After reading/watching/listening to the picture book, encourage students to share their observations and questions with a partner. Then, conduct a brief whole-class discussion in which students share out their ideas. Encourage students to think specifically about the first words, line, or sentence of the picture book.

During the whole-class discussion, pose the essential question to the class:

  • How do effective writers include an engaging hook in the introduction of their piece?

Allow for students to brainstorm ideas independently and collectively. Also encourage students to consider something personal in their life, maybe a memory they have. Some students could share out an introduction to their memory/experience, initiating a class discussion about whose story students want to hear expanded. Classmates can consider how the introductions hooked the listeners?

Inform students that the activities during this lesson are designed to help them answer this essential question.

Explore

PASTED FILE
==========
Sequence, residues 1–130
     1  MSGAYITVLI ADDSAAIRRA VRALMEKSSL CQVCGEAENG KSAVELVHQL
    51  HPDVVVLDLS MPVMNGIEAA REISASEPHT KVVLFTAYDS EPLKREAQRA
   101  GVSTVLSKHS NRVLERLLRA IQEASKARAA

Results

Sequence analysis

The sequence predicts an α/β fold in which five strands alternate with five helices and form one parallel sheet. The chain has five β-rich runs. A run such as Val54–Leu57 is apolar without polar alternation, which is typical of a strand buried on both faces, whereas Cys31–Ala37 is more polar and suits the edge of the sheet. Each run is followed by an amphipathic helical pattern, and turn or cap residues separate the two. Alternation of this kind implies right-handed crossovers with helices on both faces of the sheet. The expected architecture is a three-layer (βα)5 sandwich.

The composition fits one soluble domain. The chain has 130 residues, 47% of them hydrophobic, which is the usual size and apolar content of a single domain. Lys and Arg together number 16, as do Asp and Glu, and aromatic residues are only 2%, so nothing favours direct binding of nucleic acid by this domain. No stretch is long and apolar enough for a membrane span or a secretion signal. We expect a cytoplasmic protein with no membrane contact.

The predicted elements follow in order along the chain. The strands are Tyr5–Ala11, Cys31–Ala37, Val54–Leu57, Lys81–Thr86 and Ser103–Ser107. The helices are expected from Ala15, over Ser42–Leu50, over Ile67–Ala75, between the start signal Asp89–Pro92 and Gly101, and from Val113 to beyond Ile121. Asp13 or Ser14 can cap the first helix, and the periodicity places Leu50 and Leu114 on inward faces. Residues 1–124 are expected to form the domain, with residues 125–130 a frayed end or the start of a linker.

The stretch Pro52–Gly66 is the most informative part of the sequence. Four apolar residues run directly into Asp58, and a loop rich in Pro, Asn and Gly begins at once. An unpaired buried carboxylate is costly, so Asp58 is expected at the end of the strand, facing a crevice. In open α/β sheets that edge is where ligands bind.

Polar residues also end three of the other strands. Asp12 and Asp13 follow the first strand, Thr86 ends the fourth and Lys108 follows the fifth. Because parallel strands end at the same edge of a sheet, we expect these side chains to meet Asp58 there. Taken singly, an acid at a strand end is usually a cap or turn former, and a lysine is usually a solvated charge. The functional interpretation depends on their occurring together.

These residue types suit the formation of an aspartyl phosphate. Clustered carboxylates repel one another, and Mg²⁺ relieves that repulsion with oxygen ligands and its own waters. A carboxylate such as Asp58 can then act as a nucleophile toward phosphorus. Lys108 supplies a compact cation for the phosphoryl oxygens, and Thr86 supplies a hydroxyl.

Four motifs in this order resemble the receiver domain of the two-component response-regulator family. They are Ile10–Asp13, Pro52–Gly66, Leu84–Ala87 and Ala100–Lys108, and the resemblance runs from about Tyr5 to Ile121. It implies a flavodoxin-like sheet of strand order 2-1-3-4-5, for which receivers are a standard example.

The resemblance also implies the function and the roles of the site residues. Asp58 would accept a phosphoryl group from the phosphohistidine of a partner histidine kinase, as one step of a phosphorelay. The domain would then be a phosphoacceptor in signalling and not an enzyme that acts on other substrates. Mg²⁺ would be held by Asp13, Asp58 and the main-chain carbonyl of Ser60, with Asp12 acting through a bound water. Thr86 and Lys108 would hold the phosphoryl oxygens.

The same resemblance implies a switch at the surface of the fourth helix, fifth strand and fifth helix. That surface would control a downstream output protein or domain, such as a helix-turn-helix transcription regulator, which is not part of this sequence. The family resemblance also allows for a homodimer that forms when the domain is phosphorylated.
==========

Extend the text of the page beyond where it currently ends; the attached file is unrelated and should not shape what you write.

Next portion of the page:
Students will investigate opening lines of novels in order to determine how effective writers hook and hold their readers' attention.

  1. Randomly distribute a slip of paper with a hook on it to each student.

  2. Ask the students to individually read the hook and THINK about if and how it catches their attention.

  3. Instruct student to PAIR up with a classmate who has the same hook.

  4. Pairs should now SHARE their reactions to the hook.

  5. After brief conversations, ask students to switch slips of paper with a classmate who has a DIFFERENT hook.

  6. Repeat this process with students thinking about the hook, pairing up with another who has the same "new" hook, and having a brief conversation about their reactions. This process can be repeated several times so students read and consider a variety of hooks from various novels.

Once students have engaged in several rounds (or however many you consider appropriate, given the time and your students' needs), ask students to return to their desks and individually construct a Two-Minute Paper reflecting on the hooks they read and conversations they had with their classmates. Encourage them to consider different types of hooks they viewed and how they might categorize them.